by Zurpanik (1390029)

    I think the obvious answer to this problem is to distribute all games from here on out through Steam.

    (not really)

    But honestly, Steam's a great platform for game distribution. You have your own account and once your purchased game is installed you can re-install it as you like through said account.

  • by Jane Q. Public (1010737) on Tuesday October 21, 2008 @12:31AM (#25449961)
    ... about getting more companies to make games for our computers, as opposed to dedicated game consoles. THEN they say the system they want to see it on is Vista.

    Aaaaaaaaarrrrrggghh!!!

    Next, we'll read that we want to see all cars get hybrid-like mileage...

    and that the system we want to see it on is the Edsel.
  • by RichPowers (998637) on Tuesday October 21, 2008 @01:27AM (#25450155)

    The latest trend in annoying DRM: publishers using SecuROM and install limits on games sold through Steam. Crysis Warhead, Far Cry 2, and X3 have a 5 install limit, crippling one of Steam's greatest features: unlimited installs on any PC. The former two games also use SecuROM. Why on earth would you add third-party DRM on top of Steam? Maybe because these publishers are run by dicks? Who knows. What I do know is that my PC game purchases have gone down solely because of DRM. I'd love to play Red Alert 3 or Far Cry 2, but I won't until EA gives up on installation limits and SecuROM. Shame, too, since I don't own any consoles.

    (I know that Steam is a form of DRM with its own share of problems, but I rather enjoy the service. Unlike SecuROM or similar schemes, Steam at least provides some side benefits to gamers.)

    • by Sibko (1036168)

      one of Steam's greatest features: unlimited installs on any PC.

      Since when was this a feature? I mean, It's almost like saying "One of Steam's greatest features: Getting the game when you buy it."

      Personally, I won't buy a game that limits the number of installs I can make.

      • Okay, you're right. Unlimited installs are not a "feature" of Steam, since all other models inherently have that feature already.
        You have fun digging around for and swapping out install discs while I go play any game I want on this newly built PC.

  • I'm beginning to think that if I "sat down with" myself to talk about "DRM and the state of the game industry"* it'd be a featured article on here, and probably get duped to boot. I know the flamebait articles get all the traffic, but I just keep hoping people are going to get sick of trotting out the same arguments when there aren't any new developments.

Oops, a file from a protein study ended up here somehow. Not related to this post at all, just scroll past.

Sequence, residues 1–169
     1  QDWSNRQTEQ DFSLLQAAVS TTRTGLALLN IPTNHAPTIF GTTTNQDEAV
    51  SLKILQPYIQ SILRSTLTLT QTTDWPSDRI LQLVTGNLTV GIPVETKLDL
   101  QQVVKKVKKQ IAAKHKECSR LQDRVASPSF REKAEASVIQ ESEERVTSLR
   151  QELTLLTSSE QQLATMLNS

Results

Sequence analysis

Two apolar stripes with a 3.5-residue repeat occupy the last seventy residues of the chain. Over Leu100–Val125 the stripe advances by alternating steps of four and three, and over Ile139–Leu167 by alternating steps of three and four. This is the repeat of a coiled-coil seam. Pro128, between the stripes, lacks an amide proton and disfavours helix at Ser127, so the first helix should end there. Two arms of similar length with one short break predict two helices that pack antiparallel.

*Readers will note that the only game I've ever made was one of those origami diamonds you slip over your thumbs. It didn't have DRM. It was a financial fa

  • by MikeDirnt69 (1105185) on Tuesday October 21, 2008 @06:57AM (#25451687) Homepage
    Since ever in the computer history, people are used to copy softwares from each other. It became a habit to do such thing, and it doesn't fell like that you're stealing something. We may be on the 3rd generation of 'copiers', and we keep doing it. The same thing explain the illegal mp3 downloads and creation.

    I started buying games when I met Steam, and HAD to buy the game or I wouldn't be able to play online (with good, fast servers); last year I bought WoW, and since that 'I keep buying it', if I can say that.

    The answer is: change the games or change the gamers. I bet they will keep picking the 3rd and bad choice.
  • Designed to Fail (Score:4, Interesting)

    by IndustrialComplex (975015) on Tuesday October 21, 2008 @07:33AM (#25451951)

    Unfortunately, the PC gaming industry seems to be designing itself for failure. In a time when companies are taking losses on hardware to increase their userbase (consoles) the PC gaming industry seems to be going to extra efforts to actually limit the growth of their market.

    What has been the single most revolutionary improvement to console gaming? Multiplayer. The console industry has realized this and games that only offer single player are so rare that when something lacks multiplayer it can be seen as a black mark by critics. We are a social species, and gaming originated as a social activity. It is only for a brief period when transitioning into the electronic world that gaming became a single player activity. Improvements in hardware and data connections are bringing gaming back into the 'coffee table' world of board and card games.

    Back to my topic. When you brought over your copy of monopoly, it was a game that was designed, and infact required, multiple players. Yet it is rare that you come across any PC game that isn't designed in such a way that you are expected to pay an additional fee to enjoy it with your friends. It may be a throwback to the per-chair licensing that is still utilized by many software producers, but it is detrimental to the growth of the PC gaming industry. It is an intentional speedbump that is thrown in the path of growth. If the PC gaming industry wants to continue with the concept of DRM, then they have to do so in a manner that allows people to socialize with the friends the know in the real world. Online 'lobbies' and forums don't completely fill that gap.

  • DRM in gaming (Score:3, Insightful)

    by log0n (18224) on Tuesday October 21, 2008 @12:46PM (#25456499)

    Thought about it a bit (may have been obvious.. i don't keep track of the gaming sites though).. DRM has nothing to do with preventing piracy. DRM in gaming was designed to 1) prevent selling used games - we've all seen the topics here about the ire over the used console game market.. and 2) prevent renting of games through the netflix-style mailing services. If you can't reuse or recycle something, your only option (in the 'I gotta have' consumer mindset) is to buy new. Which is more money in the publishers pocket.

    DRM = new sale